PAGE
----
Earhart Foundation

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The Earhart Foundation is a foundation that funds research and scholarship. The foundation, according to Right Web, 'was active in the 1980s supporting burgeoning conservative think tanks like the American Enterprise Institute, which became a prominent source of ideas and people for the Reagan administration. According to a 1981 New York Times article, “About 60 percent of [AEI’s] money comes from foundations, such as the Lilly Endowment, the Smith Richardson Foundation, the Rockefeller Brothers Trust, and the Earhart Foundation. The rest of the money is donated by major corporations, including Bethlehem Steel, Exxon, J.C. Penney, and the Chase Manhattan Bank.”' [1]

As detailed by Jane Mayer in her book Dark Money,

"James Piereson, a scholar at the Manhattan Institute who became a crucial figure in several conservative foundations, said, "We didn't have anything when we started in the late 1970s. We had no institutions at all in the mainstream of American political life." He debunked what he called the liberal misconception that corporations directly funded most of the far-right movement, arguing, "What we did was way too controversial for corporations." Instead, he said, in the beginning "there were only a small number of foundations," including the Earhart Foundation, based on an oil fortune, the Smith Richardson Foundation, derived from the cough and cold medicine dynasty, and, most importantly, the various Scaife family foundations."[2]

'Also in the early 1980s, Earhart teamed up with several over-conservative foundations—including Scaife and Olin—to fund rightist newspapers on college campuses. One notable example was The Dartmouth Review, where a young Dinesh D'Souza, author of Illiberal Democracy, got his start attacking the purported "liberal bias" at U.S. universities. The Review made a controversial splash when it published letters that had been stolen from the university’s Gay Student Alliance. Parents of these students discovered their children’s sexual orientation through the Review’s reports.' [1]


The Earhart Foundation has total assets of nearly $62 million (2005 IRS Form 990). [3]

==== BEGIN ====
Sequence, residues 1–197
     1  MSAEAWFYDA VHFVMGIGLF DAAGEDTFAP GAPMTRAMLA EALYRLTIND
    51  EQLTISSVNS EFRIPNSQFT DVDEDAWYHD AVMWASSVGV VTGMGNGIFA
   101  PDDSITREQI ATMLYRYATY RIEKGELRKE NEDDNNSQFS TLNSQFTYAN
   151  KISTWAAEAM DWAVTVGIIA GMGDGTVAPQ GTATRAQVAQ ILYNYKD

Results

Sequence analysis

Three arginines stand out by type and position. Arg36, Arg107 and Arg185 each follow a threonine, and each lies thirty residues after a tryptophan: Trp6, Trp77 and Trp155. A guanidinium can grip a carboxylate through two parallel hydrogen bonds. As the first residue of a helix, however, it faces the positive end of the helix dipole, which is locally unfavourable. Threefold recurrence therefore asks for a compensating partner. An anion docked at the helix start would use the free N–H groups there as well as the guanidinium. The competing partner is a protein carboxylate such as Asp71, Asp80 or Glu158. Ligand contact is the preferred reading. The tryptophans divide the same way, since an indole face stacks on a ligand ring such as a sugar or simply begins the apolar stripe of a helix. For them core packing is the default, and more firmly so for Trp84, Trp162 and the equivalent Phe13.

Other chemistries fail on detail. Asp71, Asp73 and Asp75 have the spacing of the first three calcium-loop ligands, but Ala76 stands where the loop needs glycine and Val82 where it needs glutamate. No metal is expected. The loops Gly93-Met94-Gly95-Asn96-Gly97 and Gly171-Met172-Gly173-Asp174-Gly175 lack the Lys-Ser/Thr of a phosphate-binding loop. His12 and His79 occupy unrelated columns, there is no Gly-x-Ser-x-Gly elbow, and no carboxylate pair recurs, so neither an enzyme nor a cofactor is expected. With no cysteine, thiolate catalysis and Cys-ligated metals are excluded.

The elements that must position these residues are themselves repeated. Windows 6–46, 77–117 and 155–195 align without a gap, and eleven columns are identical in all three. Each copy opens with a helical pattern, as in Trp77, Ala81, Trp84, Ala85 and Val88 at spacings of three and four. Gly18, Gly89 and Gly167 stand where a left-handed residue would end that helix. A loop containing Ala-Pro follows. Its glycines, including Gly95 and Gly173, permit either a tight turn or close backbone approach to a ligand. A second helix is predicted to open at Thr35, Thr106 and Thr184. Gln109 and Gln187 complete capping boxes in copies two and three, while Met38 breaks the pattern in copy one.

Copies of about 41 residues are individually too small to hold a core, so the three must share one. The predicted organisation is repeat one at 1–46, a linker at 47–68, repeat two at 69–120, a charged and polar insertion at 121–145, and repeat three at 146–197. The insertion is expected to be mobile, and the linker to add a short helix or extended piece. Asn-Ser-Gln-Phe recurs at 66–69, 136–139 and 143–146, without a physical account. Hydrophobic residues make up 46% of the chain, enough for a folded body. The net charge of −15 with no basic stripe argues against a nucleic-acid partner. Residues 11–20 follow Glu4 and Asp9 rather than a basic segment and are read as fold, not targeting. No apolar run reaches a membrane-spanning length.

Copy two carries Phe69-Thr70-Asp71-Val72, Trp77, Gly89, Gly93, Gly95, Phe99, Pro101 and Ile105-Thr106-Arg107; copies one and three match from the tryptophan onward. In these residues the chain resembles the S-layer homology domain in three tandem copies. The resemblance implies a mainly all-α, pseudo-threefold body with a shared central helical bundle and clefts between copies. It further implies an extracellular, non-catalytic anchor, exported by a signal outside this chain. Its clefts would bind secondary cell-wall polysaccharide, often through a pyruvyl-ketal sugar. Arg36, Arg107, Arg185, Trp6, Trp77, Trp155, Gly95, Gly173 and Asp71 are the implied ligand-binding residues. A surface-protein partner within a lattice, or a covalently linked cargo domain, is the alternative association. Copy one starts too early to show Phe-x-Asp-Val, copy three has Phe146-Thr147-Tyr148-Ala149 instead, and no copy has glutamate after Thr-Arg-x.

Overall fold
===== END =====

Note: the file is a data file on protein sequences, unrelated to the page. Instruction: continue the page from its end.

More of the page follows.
Since at least 1995 the Earhart foundation has been engaged in the pursuit of publishing the collected works of Eric Voegelin. From 1995 to 2002, the Earhart Foundation issued at least twelve grants totalling at least $115,000 "for (a) research assistance and (b) general operating support to continue preparation for publication of The Collected Works of Eric Vogelin"[1]

The Philanthropy Roundtable said of the Earhart Foundation in 2004, "For 75 years, the Earhart Foundation has epitomized achievement in the humanities and social sciences. ... Harry B. Earhart started the foundation in 1929 with the fortune he made with White Star Oil Company. Among his foundation's early beneficiaries was Friedrich von Hayek of the London School of Economics, who wrote The Road to Serfdom and The Constitution of Liberty."[2]

The foundation supports free-market scholars through a network of 50 "Earhart professors" across the United States: "We find promising young men and women that we think would be ideal, not only from an intellectual but also from a character point of view, to be teachers and academic leaders in the future. And when we so identify them, we recommend them to the Earhart Foundation. They provide grants, and we continue to mentor these students as they go through graduate school." [3]


Contact details

2200 Green Road, Suite H
Ann Arbor, MI 48105
Phone: 734 761-8592
URL: Unknown

Related SourceWatch articles


  1. 1.0 1.1 Earhart Foundation Profile, Right Web, accessed October 2007.
  2. Jane Mayer, [Dark Money: The Hidden History of the Billionaires Behind the Rise of the Radical Right], 2016.
  3. Earhart Foundation Profile, Media Tranparency, accessed October 2007.

External articles